Alec Asher Returns Armed With Two-Seam Focus And Deception

The day before Alec Asher‘s first Major League start of the 2016 season, Matt Breen of noted that the right-handed pitcher was returning to the Majors with a new two-seam grip on his fastball. Developed at the request of the Phillies, the pitch propelled Asher to success in the early part of the Minor League season. He still didn’t strike out many batters, but he did produce encouraging 51 percent groundball and 4 percent walk rates over 12 starts.

The pitch is largely necessary because his previous fastball – a four-seam grip – was not only below-average in terms of speed, but also in terms of movement. Without life or velocity, it was crushed by opposing Major League hitters during his seven start debut in 2015. In Breen’s article, Pete Mackanin said the new pitch provides batters a second look, but at least in Asher’s two starts so far, it’s more of the primary look.

Per PitchFX, he’s thrown the two-seamer 47.6 percent of the time in his brief start, with the four-seamer only appearing 6.6 percent of the time. It looks to be the firm focus of his repertoire. It’s only been two starts, so I don’t want to make any assertions based on the outcomes (one run over 12.1 innings with a 25 percent line drive rate is the definition of a small sample), but we can take a look at the features of the pitches to this point.

The two-seamer averages almost exactly 90 mph, which is still below average velocity, and there’s not much true “sink” to the pitch. It does break more than two inches lower than the four-seamer. The most positive feature is really the pitch’s run, which is roughly average, but may have the benefit of seeing some late break.

However, the most interest aspect of the two-seam fastball might not actually be the pitch itself, but rather, it’s interaction with Asher’s changeup. The change has always appeared on the periphery of his scouting reports as a decent pitch, but with the two-seamer, is a lot more deceptive. The movement of the two pitches is almost identical, Asher releases both from an identical armslot, and reports have long noted that he is able to maintain fastball arm speed, despite releasing the offspeed pitch 8-10 mph slower than the fastball. Asher even reliably locates both pitches to the same arm-side part of the plate.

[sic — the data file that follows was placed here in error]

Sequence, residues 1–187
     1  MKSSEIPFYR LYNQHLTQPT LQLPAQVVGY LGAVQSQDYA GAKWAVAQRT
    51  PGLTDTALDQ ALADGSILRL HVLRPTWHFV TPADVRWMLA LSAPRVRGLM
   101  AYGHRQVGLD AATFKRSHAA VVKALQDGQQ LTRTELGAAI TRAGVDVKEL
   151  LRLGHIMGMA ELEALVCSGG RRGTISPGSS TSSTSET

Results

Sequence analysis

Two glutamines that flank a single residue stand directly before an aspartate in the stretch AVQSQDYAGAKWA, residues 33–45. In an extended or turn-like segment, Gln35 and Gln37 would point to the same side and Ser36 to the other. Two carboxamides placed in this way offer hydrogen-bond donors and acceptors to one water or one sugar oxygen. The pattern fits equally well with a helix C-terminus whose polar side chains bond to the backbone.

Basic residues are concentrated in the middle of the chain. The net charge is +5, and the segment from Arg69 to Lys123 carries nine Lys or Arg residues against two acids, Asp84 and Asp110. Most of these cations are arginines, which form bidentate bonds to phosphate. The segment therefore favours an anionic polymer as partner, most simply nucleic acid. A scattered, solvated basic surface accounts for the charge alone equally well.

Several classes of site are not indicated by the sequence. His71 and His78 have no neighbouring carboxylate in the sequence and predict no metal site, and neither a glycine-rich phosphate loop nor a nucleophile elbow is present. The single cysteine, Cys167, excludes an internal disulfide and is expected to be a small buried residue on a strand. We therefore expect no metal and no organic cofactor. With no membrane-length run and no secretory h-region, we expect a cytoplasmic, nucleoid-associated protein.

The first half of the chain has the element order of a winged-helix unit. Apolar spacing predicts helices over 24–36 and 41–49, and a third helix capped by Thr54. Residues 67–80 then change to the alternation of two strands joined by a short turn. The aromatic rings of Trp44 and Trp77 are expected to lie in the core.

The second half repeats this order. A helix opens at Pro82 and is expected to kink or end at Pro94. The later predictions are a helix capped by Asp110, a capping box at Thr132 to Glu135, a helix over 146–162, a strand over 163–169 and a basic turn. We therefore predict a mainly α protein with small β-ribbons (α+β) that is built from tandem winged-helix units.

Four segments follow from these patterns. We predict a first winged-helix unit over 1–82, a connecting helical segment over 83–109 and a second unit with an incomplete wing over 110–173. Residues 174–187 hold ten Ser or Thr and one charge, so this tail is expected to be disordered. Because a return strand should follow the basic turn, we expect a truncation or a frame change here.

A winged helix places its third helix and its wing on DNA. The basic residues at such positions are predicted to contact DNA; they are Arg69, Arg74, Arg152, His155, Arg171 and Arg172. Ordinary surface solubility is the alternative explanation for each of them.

Alec Asher Two-Seamer Changeup Locations

In general, there’s just a lot more deception between the changeup and the two-seam grip as opposed to the four-seam variety.

This is pretty decent combination of two pitches, and if he can continue to display this deception while commanding the pitch arm-side, he might do pretty well against opposite-handed hitters. If he was shortened up in relief and his stuff played up, that might be a convincing right-handed LOOGY. That his two best pitches might be a 90 mph two-seamer and changeup is also a completely different profile from his time as a Rangers prospect, when Asher was reported to have a mid 90s four-seam fastball and potential plus slider.

The breaking ball still exists, and in two variations (one more like a slider, and one like a curveball). The velocity also isn’t great here, and they don’t have exciting movement, but he has repeatedly hit the bottom glove-side corner of the plate with these pitches. That’s good, but so far in Asher’s career, that’s literally the one spot where batters haven’t swung at his breaking balls. Again, this is only nine starts into his career – that could change. But if it persists, one hypothesis could be that nothing else is thrown remotely near that location, and without a lot of movement to fool the batter, anything headed in that direction must be a breaking pitch. They know it’s going be a ball.